After reading an 1836 newspaper account of a shipwreck and its two survivors, Edgar Allan Poe penned his only novel, "The Narrative of Arthur Gordon Pym of Nantucket," the story of a stowaway on a Nantucket whaleship who finds himself enmeshed in the dark side of life at sea: mutiny, cannibalism, savagery--even death. As Jeffrey Meyers writes in his Introduction: " Poe] remains contemporary because he appeals to basic human feelings and expresses universal themes common to all men in all languages: dreams, love, loss; grief, mourning, alienation; terror, revenge, murder; insanity, disease, and death." Within the pages of this novel, we encounter nearly all of them.
This Modern Library Paperback Classic reprints the text of the original 1838 American edition.
About the Author
Edgar Allan Poe (1809-1849) reigned unrivaled in his mastery of mystery. Born in Boston, he was orphaned at age three, expelled from West Point for gambling and became an alcoholic. In 1836 he secretly wed his thirteen-year-old cousin. ""The Raven"," published in 1845, made Poe famous. He died in 1849 under what remain suspicious circumstances.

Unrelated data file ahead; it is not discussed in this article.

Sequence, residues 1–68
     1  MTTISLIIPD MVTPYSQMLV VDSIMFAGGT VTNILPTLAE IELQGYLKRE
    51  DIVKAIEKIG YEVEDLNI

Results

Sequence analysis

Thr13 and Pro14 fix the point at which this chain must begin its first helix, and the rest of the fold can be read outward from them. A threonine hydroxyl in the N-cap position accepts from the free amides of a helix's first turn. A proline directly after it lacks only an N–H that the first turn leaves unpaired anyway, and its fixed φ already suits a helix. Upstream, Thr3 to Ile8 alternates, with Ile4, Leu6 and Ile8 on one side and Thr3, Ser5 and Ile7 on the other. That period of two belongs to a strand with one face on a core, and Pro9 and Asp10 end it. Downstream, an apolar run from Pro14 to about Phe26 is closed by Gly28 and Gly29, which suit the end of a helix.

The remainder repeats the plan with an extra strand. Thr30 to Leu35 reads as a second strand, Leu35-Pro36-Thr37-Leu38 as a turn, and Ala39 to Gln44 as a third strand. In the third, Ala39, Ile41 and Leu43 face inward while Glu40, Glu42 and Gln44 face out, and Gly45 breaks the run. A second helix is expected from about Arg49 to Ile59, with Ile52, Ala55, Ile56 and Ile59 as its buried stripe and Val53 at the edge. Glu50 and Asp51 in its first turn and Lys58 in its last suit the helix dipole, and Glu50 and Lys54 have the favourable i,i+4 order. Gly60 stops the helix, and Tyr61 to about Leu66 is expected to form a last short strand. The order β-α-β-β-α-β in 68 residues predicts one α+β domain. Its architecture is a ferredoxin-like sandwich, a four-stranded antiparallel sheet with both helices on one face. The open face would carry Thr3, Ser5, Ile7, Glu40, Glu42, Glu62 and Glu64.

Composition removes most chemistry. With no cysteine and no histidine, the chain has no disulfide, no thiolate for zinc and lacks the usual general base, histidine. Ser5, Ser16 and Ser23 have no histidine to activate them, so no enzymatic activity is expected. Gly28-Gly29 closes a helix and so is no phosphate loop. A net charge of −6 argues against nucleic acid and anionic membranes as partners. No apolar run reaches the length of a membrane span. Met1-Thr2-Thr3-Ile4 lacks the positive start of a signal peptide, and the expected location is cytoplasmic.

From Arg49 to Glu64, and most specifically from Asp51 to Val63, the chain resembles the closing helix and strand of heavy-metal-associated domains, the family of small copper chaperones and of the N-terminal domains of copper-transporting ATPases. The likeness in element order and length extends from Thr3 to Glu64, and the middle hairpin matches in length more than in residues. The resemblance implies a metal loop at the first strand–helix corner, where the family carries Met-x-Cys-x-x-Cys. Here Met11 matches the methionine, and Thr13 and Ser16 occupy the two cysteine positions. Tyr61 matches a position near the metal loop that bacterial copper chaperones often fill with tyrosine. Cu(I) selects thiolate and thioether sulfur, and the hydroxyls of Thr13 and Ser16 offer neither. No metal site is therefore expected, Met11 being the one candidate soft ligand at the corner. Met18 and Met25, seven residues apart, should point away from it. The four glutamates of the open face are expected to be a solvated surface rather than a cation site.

Jeffrey Meyers, a fellow of the Royal Society of Literature, has written fifty-two books, including Samuel Johnson: The Struggle, The Genius and the Goddess: Arthur Miller and Marilyn Monroe, Orwell: Life and Art, John Huston: Courage and Art, Remembering Iris Murdoch, and Thomas Mann's Artist-Heroes. His books have been translated into fourteen languages and seven alphabets, and published on six continents.
“It is Poe’s greatest work.”—Jorge Luis Borges